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22 March 2015, 18:57 | Updated: 17 December 2018, 12:08
'What a shock,' says composer Debbie Wiseman after her score for the Tudor TV drama shoots straight to the top spot in the Classic FM Chart.
The Classic FM Chart has been dominated by André Rieu's album Love in Venice for the whole of 2015, so it's a huge achievement for Debbie Wiseman's score to Wolf Hall to be both the highest new entry in this week's chart and the nation's best-selling classical album.
Listen again to the Classic FM Chart >
"What a shock," the acclaimed film and TV composer said when Classic FM's John Brunning broke the news to her on this week's Classic FM Chart show. "To know that we've come up with something that people have enjoyed enough to actually want to go and buy the soundtrack on its own is just thrilling."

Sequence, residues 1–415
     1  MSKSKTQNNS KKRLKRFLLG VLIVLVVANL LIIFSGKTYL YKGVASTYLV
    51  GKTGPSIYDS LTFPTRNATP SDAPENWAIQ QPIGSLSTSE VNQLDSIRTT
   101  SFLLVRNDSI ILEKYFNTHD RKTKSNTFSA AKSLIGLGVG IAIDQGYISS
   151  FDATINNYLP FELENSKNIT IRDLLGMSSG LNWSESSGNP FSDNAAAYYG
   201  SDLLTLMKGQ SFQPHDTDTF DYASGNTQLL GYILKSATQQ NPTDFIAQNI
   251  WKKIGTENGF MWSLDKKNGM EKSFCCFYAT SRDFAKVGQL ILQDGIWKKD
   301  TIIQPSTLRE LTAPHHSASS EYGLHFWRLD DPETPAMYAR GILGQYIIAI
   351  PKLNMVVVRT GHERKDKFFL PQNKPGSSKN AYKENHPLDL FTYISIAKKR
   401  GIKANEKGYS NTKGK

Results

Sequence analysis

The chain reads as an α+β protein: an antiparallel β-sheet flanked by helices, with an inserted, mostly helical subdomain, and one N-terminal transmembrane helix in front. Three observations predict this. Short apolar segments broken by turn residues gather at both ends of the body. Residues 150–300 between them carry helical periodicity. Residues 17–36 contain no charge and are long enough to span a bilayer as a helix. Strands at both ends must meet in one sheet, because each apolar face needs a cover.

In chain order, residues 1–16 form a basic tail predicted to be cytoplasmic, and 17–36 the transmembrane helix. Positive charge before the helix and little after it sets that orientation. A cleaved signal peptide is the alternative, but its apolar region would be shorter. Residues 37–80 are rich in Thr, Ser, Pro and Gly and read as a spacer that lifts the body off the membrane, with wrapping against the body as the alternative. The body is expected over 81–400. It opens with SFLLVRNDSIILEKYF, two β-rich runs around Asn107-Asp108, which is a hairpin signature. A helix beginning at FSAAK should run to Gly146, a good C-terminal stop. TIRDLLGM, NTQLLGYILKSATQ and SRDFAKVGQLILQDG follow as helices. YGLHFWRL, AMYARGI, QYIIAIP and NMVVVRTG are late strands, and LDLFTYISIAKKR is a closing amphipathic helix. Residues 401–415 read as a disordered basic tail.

Listen here to Debbie Wiseman talking to John Brunning about being No.1 and working on Wolf Hall:
The composer took an unusual approach to the soundtrack for Wolf Hall, avoiding anything that sounded like a pastiche of Tudor music.
"Although there are Tudor instruments in the score, actually a lot of the music sounds quite modern," Wiseman said. "That was a very conscious decision to reflect the way Hilary [Mantel] has written the book which is very fresh, very relevant, and you feel like you're right there with the characters."
Wiseman started work on the music for Wolf Hall early in the production, writing some of the main themes before director Peter Kosminsky had even started filming.
"He took those with him on set and found it very helpful," she told Brunning, "because he said having the music helped him to set the pace of the scene. And he was listening to it a lot, just getting involved with the music very early on."
There was a lot of pressure on the Wolf Hall team to live up to the success of the original book and acclaimed theatre production, Wiseman said. But "it just seemed to capture everyone's imagination. It was just a fantastic experience... a privilege to be part of such a great production."